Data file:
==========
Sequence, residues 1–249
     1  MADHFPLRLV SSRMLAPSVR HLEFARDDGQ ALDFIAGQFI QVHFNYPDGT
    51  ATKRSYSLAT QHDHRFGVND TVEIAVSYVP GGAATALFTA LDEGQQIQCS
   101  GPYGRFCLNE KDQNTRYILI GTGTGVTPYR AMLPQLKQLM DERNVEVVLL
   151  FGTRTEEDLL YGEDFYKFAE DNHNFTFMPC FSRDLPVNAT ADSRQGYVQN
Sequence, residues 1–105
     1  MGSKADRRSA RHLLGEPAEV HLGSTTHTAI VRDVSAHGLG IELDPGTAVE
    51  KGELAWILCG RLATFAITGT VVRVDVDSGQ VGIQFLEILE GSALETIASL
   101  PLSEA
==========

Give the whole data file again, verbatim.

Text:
Sequence, residues 1–249
     1  MADHFPLRLV SSRMLAPSVR HLEFARDDGQ ALDFIAGQFI QVHFNYPDGT
    51  ATKRSYSLAT QHDHRFGVND TVEIAVSYVP GGAATALFTA LDEGQQIQCS
   101  GPYGRFCLNE KDQNTRYILI GTGTGVTPYR AMLPQLKQLM DERNVEVVLL
   151  FGTRTEEDLL YGEDFYKFAE DNHNFTFMPC FSRDLPVNAT ADSRQGYVQN
Sequence, residues 1–105
     1  MGSKADRRSA RHLLGEPAEV HLGSTTHTAI VRDVSAHGLG IELDPGTAVE
    51  KGELAWILCG RLATFAITGT VVRVDVDSGQ VGIQFLEILE GSALETIASL
   101  PLSEA